Discovering the Jewish Calendar

Would it amaze you if you discover that somewhere in this globe, a holiday is being celebrated the same day each year? Hillel II made this possible when he instituted in 358 CE the Jewish calendar and the leap year.

A Jewish calendar has months that have 29 or 30 days and the years can either be composed of 12 or 13 months. The reason behind this is to be in sync with the 12.4 lunar months to complete the 365 and days. In the earlier times, the start of the Jewish calendar will rely on the day the new moon was seen. The Sanhendrin will declare the first of the month, also called rosh chodesh once the people observed the new moon. More over, the number of months for the year is based on their agricultural cycle. Adar Bet or the additional month is added on the 3rd, 6th, 8th, 11th, 14th, 17th and 19th year of the whole 19 years cycle for the Jews.


Hebrew Calendar

Hebrew or Jewish calendar is the official calendar of Israel. Each month starts and ends once the new moon is seen. The months in the Jewish calendar are Nisan, Iyar, Sivan, Tammuz, Av, Elul, Tishrei, Cheshvan, Kislev, Tevet, Shevat and Adar. The leap year in Jewish calendars makes it possible that each holiday is celebrated on the same season every year.

Jewish Festivals

Jewish festivals, which were brought up to the present, are strictly being observed in various ways. They are already part of the customs of the people and they have been mirrors of the national life of the Jews. Each Jewish festival marks the passing of the year for Israelis.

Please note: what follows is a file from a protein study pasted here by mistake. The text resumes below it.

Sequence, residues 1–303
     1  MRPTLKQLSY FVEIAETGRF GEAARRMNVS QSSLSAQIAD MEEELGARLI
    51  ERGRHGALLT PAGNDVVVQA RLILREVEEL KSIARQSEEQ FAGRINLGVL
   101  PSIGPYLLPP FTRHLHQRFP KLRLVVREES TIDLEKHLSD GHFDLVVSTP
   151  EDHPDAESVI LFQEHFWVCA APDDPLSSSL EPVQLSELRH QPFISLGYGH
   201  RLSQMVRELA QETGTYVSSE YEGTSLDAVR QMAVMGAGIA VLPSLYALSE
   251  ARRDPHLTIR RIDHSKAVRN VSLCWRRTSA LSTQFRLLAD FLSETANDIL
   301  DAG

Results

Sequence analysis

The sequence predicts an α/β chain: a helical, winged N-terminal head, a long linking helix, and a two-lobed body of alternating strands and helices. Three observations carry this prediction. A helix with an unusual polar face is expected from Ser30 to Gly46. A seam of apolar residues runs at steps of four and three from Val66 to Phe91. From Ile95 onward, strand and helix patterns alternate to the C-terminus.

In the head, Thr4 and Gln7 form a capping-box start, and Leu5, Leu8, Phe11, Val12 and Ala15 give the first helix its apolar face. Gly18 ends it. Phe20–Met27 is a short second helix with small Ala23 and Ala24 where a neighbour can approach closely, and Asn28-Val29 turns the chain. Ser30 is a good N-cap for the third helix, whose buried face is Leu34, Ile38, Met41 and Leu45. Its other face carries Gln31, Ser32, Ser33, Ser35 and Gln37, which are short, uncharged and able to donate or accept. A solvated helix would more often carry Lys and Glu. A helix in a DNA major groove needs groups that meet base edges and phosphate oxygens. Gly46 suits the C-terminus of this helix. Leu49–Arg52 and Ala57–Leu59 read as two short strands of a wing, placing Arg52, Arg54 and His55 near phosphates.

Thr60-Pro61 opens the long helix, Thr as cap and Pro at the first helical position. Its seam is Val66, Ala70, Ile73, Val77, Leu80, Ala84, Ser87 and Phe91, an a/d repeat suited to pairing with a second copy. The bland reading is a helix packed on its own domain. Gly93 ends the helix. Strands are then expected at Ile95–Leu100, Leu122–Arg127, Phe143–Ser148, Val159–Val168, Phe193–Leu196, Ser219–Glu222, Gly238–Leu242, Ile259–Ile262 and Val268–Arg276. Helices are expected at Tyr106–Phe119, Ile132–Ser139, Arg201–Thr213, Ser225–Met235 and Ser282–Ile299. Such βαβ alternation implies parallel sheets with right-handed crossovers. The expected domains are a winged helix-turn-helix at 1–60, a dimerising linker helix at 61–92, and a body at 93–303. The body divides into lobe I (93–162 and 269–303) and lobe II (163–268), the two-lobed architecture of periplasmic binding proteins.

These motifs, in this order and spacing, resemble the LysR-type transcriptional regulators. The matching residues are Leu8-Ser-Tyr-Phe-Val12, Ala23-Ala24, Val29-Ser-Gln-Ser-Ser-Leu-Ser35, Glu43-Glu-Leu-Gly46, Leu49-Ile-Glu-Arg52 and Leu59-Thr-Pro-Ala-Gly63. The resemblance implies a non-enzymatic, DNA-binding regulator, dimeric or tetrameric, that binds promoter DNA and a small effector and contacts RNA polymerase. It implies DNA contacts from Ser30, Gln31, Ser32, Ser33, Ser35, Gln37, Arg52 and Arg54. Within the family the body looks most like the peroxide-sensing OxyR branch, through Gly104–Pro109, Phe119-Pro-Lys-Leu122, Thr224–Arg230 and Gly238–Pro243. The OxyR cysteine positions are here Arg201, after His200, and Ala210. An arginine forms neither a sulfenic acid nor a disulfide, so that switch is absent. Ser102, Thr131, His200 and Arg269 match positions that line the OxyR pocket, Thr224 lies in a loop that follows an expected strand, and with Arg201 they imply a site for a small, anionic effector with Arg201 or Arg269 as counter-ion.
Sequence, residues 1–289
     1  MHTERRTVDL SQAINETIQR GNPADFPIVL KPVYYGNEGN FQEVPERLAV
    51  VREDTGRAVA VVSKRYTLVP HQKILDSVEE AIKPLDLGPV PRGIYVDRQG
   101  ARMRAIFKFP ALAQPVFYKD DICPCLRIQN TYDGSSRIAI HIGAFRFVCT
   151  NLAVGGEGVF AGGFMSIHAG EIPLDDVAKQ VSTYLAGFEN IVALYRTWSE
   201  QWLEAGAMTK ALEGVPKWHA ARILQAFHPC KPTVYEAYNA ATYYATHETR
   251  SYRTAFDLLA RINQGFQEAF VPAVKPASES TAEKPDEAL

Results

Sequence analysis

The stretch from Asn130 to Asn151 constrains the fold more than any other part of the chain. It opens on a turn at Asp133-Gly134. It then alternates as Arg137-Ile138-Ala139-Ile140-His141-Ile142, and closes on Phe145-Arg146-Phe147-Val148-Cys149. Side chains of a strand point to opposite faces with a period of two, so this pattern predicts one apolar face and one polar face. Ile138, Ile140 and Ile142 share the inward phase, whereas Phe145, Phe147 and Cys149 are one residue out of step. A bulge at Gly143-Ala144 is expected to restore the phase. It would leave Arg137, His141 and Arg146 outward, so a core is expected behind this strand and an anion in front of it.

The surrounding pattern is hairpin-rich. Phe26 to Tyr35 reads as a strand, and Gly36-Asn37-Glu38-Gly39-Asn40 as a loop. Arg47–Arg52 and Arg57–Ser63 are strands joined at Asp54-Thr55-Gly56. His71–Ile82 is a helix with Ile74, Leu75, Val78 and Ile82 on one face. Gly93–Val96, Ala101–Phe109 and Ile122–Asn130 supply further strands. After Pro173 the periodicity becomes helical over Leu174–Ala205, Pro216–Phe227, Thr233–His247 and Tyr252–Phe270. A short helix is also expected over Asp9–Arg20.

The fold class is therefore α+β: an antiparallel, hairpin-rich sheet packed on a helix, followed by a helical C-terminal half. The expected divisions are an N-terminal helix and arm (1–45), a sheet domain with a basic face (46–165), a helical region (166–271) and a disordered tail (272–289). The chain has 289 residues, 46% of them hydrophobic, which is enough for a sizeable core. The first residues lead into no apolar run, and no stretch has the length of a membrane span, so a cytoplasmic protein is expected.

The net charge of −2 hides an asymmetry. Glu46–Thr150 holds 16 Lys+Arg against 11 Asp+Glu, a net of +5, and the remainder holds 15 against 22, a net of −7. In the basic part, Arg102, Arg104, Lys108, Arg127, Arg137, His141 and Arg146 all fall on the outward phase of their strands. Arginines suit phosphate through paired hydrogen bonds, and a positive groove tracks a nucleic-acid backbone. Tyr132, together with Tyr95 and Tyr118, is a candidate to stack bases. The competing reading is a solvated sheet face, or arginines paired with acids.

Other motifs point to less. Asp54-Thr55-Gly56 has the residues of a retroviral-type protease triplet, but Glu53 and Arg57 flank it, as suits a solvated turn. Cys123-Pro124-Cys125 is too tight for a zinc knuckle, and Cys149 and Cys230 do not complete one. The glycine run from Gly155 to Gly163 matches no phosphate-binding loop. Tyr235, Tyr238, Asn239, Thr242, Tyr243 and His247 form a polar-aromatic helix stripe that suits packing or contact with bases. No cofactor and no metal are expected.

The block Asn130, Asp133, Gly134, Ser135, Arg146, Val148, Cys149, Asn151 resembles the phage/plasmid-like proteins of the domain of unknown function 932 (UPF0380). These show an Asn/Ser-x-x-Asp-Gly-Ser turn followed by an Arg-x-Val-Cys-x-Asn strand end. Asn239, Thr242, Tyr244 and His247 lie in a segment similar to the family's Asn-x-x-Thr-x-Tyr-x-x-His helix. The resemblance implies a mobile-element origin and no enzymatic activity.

Jewish Holidays

And just like the any ritual, observance of the holidays is very important. These holidays give them the time to value significant historic events and the time to celebrate and reflect. These holidays promote the sense of being one with fellow believers. The most important holy days for the Jews are the Sabbath, which marks the pilgrimage festivals of Passover, Shavuot and Sukkot and the two High Holy Days, which are Rosh Hashanah and Yom Kippur. Working on these days is strictly being prohibited.

Jewish days start during sunset so in celebrating the holidays, usually some confusion arises. Some still follows the ancient practice of adding an extra day to their holidays while others stick to having the holiday just for a day. But usually if a holiday should fall on a May 4, the family will get together on the night of May 3 and the holiday continues until the next day.

Jewish 2007 Holidays

Here are the dates of the Jewish holidays for 2007:
  • Rosh Hashana or the New Year for the Jews September 13, 2007, Thursday
  • Yom Kippur or Day of Atonement September 22, 2007, Saturday
  • Sukkot or Feast of the Tabernacles - September 27 2007, Thursday
  • Shemini Atzeret or Eight Day of Assembly - October 4 2007, Thursday
  • Simhat Torah or Day of Celebrating Torah - October 5 2007, Friday
  • Hanukkah or Chanukah or Festival of Lights: December 5 2007, Wednesday
  • Tu Bishvat or New Year for Tress - January 22 2008, Tuesday
  • Purim or Jewish Halloween or Jewish Mardi Gras - March 21 2008, Friday
  • Passover or Feast of the Unleavened Bread - April 20 2008, Sunday
  • Yom HaShoah or Holocaust Remembrance Day - May 2 2008, Friday
  • Yom HaAtzmaut or Israel Independence Day - May 8 2008, Thursday
  • Lag B'Omer or 33rd day of counting the Omer - May 23 2008, Friday
  • Shavuot or Feast of Pentecost - June 9 2008, Monday
  • Tisha B'Av or Fast for the Destruction of the Temples - August 10 2008, Sunday
Remember these holidays are very important to the life cycle of Jews. It pays to know the Jewish calendar so that you will discover how they give value to their customs and to historical events. Our International Planners include not only the Jewish New Year date but also holidays of other Jewish days. Buy an International Planner and you will have all the holidays for all countries and major religions worldwide.